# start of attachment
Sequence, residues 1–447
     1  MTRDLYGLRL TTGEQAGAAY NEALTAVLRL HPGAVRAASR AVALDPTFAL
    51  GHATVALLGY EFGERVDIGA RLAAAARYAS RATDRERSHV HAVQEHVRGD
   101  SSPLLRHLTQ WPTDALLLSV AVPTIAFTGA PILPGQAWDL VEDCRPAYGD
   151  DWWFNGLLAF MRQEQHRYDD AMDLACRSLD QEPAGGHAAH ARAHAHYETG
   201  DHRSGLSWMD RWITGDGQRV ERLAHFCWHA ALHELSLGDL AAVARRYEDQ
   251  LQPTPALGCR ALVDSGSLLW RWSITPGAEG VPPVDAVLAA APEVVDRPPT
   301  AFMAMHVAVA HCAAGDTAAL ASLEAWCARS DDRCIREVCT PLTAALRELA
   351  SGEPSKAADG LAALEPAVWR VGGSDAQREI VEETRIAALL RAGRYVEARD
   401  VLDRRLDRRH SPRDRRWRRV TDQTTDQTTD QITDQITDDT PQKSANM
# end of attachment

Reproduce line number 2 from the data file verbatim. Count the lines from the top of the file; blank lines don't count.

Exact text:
     1  MTRDLYGLRL TTGEQAGAAY NEALTAVLRL HPGAVRAASR AVALDPTFAL